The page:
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The Healthcare Sector vs GDPR: Its everywhere but is it as bad as we are being told!


By Adam Hutchison

The year is 1999! The fear factor of the millennium the year 2000 fast approaching – Y2K is everywhere. Will your Windows PC open on the 1st January 2000…?

Does this sound familiar to anyone! Yes, and did everything fall apart around us? Well No… it was all fine and we all went about our business, well at least those who did not spend a fortune on new processes they didn’t need and hopefully many used some common sense and a bit of pragmatism.

Ok so this leads us into 2018 and the release of the General Data Protection Regulations or GDPR as we have seen referred, and has begun a similar frenzy of fear for organisations and none more so than the Healthcare Sector. As with many care providers in a data heavy and still paperwork intensive organisation, which relies heavily on the use of personal data the relevance of GDPR is very prevalent although we all need to be aware of the fear to turn to unnecessary external measures. The sector is already heavily regulated so understanding what these regulations and how they link into our current regulatory requirements is import.

There is much information available on the subject but the source information is the most important so make sure as providers you review the Information Commission website this is the best place to stay up to date at

So what do we need to be aware of and how does it affect the sector:

Well, Become Accountable:

Make an inventory of all personal data you hold and examine it under the following headings:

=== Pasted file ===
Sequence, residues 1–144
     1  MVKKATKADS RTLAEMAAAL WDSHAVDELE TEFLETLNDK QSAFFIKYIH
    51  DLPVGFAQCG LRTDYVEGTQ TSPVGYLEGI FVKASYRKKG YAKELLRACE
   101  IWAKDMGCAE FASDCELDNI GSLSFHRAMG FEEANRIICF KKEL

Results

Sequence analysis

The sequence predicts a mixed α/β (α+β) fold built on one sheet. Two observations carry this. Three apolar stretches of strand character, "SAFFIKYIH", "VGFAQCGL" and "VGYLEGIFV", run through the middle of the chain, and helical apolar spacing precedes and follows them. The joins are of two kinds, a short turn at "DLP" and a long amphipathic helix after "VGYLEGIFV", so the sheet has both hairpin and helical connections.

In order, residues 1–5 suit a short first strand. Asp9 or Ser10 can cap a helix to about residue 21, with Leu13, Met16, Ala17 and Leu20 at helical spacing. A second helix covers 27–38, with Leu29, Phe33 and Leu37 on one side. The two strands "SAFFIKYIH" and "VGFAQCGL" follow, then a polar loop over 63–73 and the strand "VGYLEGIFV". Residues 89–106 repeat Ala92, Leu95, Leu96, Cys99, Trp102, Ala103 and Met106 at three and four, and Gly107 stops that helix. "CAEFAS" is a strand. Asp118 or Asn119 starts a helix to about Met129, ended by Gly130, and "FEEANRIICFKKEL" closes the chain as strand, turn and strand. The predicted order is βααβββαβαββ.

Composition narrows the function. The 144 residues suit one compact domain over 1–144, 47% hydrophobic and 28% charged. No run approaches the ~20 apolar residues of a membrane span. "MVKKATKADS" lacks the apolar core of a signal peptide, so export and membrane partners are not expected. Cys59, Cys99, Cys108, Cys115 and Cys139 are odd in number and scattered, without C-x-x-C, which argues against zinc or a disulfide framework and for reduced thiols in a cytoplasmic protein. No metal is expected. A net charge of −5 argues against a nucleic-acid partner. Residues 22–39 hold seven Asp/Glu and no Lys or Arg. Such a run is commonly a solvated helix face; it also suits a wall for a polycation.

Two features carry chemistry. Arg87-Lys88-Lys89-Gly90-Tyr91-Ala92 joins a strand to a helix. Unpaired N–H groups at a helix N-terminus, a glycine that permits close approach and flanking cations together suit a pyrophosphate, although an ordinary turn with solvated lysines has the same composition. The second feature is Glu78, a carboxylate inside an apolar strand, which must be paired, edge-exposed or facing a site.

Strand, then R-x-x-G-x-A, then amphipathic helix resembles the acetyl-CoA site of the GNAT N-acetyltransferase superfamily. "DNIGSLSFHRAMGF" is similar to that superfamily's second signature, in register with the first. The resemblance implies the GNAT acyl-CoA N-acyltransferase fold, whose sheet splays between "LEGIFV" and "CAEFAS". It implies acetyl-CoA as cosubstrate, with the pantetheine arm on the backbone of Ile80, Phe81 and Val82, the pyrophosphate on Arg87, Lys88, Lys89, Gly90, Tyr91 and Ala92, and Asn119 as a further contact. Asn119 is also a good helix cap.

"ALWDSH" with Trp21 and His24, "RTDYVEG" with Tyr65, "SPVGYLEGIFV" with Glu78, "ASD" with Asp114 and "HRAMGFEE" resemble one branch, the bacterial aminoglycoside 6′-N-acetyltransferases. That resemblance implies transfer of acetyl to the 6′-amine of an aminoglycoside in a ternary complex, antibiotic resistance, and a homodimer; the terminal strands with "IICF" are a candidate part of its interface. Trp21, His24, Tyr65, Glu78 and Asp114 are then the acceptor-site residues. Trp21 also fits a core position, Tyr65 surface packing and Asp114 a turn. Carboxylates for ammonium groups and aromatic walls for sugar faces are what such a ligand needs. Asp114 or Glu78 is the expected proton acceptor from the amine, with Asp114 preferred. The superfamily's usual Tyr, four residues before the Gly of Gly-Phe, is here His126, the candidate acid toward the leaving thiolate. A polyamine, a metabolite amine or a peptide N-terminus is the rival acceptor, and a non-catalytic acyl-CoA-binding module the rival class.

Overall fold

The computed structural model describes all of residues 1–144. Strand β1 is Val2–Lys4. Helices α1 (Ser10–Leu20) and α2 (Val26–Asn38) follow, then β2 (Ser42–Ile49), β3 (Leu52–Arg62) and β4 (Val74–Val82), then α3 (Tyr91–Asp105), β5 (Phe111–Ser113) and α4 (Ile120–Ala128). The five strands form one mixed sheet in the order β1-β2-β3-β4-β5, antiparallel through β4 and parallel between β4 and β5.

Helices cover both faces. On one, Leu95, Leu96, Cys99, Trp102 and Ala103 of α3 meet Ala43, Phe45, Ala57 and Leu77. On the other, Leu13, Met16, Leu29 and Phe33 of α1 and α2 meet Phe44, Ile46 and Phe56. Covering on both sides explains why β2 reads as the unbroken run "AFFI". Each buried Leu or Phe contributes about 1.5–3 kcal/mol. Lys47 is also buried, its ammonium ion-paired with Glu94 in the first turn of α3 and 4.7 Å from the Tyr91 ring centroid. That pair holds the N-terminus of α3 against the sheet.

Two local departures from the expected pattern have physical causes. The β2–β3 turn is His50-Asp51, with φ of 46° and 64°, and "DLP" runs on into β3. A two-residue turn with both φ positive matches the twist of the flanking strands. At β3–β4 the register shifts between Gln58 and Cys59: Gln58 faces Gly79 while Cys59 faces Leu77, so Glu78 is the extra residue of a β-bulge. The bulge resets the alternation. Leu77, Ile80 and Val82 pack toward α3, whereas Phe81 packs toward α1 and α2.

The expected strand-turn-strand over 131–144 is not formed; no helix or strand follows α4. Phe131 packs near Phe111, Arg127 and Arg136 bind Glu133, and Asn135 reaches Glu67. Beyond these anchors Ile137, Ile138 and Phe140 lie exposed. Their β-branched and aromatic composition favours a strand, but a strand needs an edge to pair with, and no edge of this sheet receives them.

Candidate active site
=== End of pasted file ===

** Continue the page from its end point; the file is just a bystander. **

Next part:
• Why are you holding it?
  • How did you obtain it?
  • Why was it originally gathered?
  • How long will you retain it?
  • How secure is it, both in terms of encryption and accessibility?
  • Do you ever share it with third parties and on what basis might you do so?

This is the first step towards compliance with the GDPR’s accountability principle, which requires organisations to demonstrate (and, in most cases, document) the ways in which they comply with data protection principles when transacting business. The inventory will also enable organisations to amend incorrect data or track third-party disclosures in the future, which is something that we may be required to do.

Now all of the above can seem rather daunting we all may feel but the simplicities are as an organisation we must ensure we can justify what data we have and why we are using it. The purposes are clear but as with all regulations its evidencing our ability to be compliant.

For the Adult Social Care sector more specifically within this remit it is ensuring that contracts with families and residents information has a clear message as to why the information is held. And more importantly who has access to it. No longer can there be a relaxed approach on ensuring that the data held is clear and used for the intended purposes.

Data is increasingly becoming an important tool for the care sector business to process effective outcomes. The data regarding individuals and the constant to accumulation of said data is vital to ensuring people are cared for in a person centred way. Therefore there is certainly requirements for personal data and that of GDPR will certainly soon be added to the agenda of the regulators in terms of identifying needs for the data held, so we have to make sure the regulations are fully understood.

There are of course now the opportunities of GDPR are there to build the trust crucial to enable the digitisation of health services. There is huge potential for technology to transform the health and care industry but it will not be successful if providers do not trust suppliers and providers of healthcare with their data. The value in GDPR could be to catalyse organisations to fix some of their operational limitations in order to gain a clearer view of personal data.

This will enable better service delivery and result in better outcomes. Companies should also consider re-thinking their data relationship with customers to secure trust, transparency and confidence. Providers should be due diligent and make teams aware of what is required – there is plenty of information out there and some really useful online training sessions but by getting the information right first time and being aware of the changes will put your business in the right place come May 2018 when the GDPR changes come in.


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